Wade: I used a handful. The funny thing is I used a lot of CRMs, but I’d never actually been great at using one. Like I’d bounce around between a whole bunch…

Brad: Nobody’s really good at it, I don’t think.

Wade: We’ve been using RelateIQ lately, and really liking it, so I’m hoping that it might finally solve my bouncing around from CRM to CRM.

Brad: Yeah.

Wade: Truthfully, what I’ve always found the best way to keep in touch with people is automated email.

Brad: Yeah.

Wade: Tools that make this easier are things like HelpSpot, or Pardot, or Infusionsoft, Marketo, Elequa, on the more enterprise side of things, where you have like this huge database of people. They have different characteristics, different traits, and if you’re trying to keep up with them, based on whatever they’re doing inside of your products, or doing inside of their lead flow, you can trigger emails at the right time. Someone changes stages in the deal flow, quick fire off an email that is built for that part of the deal side. So make sure that they’re always up-to-date, always ready to go.

And I’ve always worked with lots and lots of leads. I’ve never been in a product that’s like really, really small amounts of leads, high dollar size. It’s always been like lots of leads, try and close all of the leads. And so automated email works really good with that because you can’t get on the phone with everybody. You need to close them some other way.

Brad: So what else is in your guys’ stack now that you’re kind of in the other side of things? What other kind of stuff are you guys using on a day-to-day basis there?

Wade: We use a ton of tools. We kind of “walk the walk”, so to speak. We have Trello which is probably one of my favorite tools ever because it’s so simple to do lists, and you can just drag and drop things across the lists. So we have a Trello board for all sorts of things. We have a roadmap. We have our editorial calendar. We have our hiring process. We have a biz dev flow. We have everything. It’s just like any sort of process is in Trello.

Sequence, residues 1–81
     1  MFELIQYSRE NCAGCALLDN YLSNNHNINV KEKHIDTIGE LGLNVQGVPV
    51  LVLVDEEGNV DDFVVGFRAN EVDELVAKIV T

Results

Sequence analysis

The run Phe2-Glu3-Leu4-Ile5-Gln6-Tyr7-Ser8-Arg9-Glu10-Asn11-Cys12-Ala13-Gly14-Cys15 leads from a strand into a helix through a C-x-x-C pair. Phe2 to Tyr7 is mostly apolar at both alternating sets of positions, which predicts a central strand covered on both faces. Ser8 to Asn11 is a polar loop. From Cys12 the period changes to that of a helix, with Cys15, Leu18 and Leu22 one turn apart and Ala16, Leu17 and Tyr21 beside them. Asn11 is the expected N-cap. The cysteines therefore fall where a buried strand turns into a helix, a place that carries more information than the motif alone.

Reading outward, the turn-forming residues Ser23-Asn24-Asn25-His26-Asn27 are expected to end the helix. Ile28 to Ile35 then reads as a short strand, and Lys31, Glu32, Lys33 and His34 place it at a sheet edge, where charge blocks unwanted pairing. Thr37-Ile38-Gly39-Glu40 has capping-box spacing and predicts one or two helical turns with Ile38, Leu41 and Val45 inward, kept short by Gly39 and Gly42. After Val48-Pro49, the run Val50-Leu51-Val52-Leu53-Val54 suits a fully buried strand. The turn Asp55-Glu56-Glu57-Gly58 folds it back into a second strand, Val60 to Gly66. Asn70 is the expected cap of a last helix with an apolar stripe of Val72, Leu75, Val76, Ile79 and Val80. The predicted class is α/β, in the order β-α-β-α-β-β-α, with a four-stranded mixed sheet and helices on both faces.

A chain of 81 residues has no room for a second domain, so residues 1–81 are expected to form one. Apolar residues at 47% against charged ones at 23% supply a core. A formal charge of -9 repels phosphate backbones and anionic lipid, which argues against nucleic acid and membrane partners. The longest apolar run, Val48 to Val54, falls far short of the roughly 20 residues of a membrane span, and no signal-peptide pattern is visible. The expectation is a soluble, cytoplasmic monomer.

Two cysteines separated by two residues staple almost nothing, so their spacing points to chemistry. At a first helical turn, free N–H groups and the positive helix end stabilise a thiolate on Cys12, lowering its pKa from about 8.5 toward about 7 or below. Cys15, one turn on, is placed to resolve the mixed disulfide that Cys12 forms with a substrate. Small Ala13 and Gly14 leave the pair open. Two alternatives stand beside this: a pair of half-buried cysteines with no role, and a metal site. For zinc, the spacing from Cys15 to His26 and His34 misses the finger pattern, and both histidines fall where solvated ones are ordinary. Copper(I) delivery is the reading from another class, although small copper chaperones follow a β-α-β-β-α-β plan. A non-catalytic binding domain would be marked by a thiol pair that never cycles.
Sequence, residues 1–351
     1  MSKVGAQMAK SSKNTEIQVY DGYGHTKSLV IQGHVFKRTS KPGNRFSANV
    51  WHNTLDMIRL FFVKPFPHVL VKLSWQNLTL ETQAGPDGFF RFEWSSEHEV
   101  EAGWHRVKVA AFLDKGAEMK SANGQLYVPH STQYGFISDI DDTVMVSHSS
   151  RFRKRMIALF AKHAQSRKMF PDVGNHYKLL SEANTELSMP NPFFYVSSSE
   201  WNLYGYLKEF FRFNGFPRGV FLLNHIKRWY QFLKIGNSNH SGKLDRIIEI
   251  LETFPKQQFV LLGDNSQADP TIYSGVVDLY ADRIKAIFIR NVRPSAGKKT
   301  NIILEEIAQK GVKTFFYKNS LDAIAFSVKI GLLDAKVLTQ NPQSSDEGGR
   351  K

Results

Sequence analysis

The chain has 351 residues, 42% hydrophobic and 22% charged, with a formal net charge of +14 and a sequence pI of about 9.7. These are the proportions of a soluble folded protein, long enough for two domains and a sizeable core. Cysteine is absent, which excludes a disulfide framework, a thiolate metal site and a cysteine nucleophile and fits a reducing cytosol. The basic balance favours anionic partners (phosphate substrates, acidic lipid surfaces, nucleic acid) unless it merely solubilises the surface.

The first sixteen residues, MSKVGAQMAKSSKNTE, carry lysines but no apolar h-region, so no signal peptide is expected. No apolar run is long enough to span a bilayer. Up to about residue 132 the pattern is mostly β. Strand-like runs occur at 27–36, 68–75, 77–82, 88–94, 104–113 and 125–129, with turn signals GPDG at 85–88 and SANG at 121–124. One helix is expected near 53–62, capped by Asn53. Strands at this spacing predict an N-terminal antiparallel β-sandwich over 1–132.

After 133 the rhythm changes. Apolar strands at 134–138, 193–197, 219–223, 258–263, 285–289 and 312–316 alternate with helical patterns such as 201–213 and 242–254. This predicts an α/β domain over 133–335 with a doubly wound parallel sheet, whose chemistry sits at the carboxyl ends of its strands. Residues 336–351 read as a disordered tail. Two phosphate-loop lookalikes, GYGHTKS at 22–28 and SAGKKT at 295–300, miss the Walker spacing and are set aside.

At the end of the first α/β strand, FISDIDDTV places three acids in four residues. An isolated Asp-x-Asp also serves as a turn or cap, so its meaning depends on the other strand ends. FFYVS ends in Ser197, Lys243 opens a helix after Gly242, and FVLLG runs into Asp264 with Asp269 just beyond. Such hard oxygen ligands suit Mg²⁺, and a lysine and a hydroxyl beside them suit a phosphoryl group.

Brad: That’s cool. We have Trello, and I’m terrible at actually using it. So I guess, I’m like the other side of the spectrum from you.

Wade: Yeah, we tend to use Trello. We also tend to use Zapier to dump things into Trello. So like someone applies for a job, that automatically creates a card inside of Trello. If you fill out – we Wufoo a ton for quick surveys or quick information collecting. You fill out a Wufoo form, it creates cards in Trello.

Everything is going through and keeping everything nice and streamlined so that anyone on the team knows where the information is. You never have the tapping on the shoulder issue, It’s just like, “I know that things are going to this place, and I can probably find it there.” It doesn’t always work as simple as it sounds, but for the most part it does a pretty good job.

Brad: Awesome. So Trello it sounded like the main piece. What’s the other indispensable pieces for you guys?

Wade: Sure. So we use HelpScout a lot for – that’s what all our support runs through. We love the product. We love the team. It’s a great tool. We’re a distributed team, and we use P2, which is a WordPress team that Automatic also uses. They run their business off of P2. We are using it similarly. It’s like an internal blog where people just – if you do something that day that’s even remotely interesting, you type up a quick post about it.

It could just be a quick 100-word post, or it might be a more lengthy thing, like you had some really complicated thing you’re dealing with, and there’s lots of information that needs to convey. We’ve had really long 2000-word posts in our P2 blog that help people stay up-to-date. And the great thing is it’s indexable, searchable, all those good things that help solve the “Don’t have to tap on your shoulder” problem. So it’s like, “I need to know something”, go to P2, it’s there.

Brad: Very cool. Well, Wade, I don’t want to steal any more of your time today. I know you guys got stuff you’re always doing, and more Zaps coming out on the regular. I’m seeing everybody doing interesting stuff with what you guys are building together over there. So really cool.

Wade: Yeah. Nerdy rallying cry, connect all the things, right?

Brad: Well, I’m good with nerdy stuff, man. This is kind of like the life that we lead. Well, Wade, I appreciate your time. It’s Wade Foster, the CEO, the guy behind Zapier. Or one of two guys, right?

Wade: There’s three co-founders. Myself, Brian, and Mike.

Brad: Alright. Cool. Well, go check them out at Z-A-P-I-E-R.com and, Wade, thanks very much for your time. I appreciate it.

Wade: Yeah, thanks for having me, Brad.

Like this post? Share it:

Recent Posts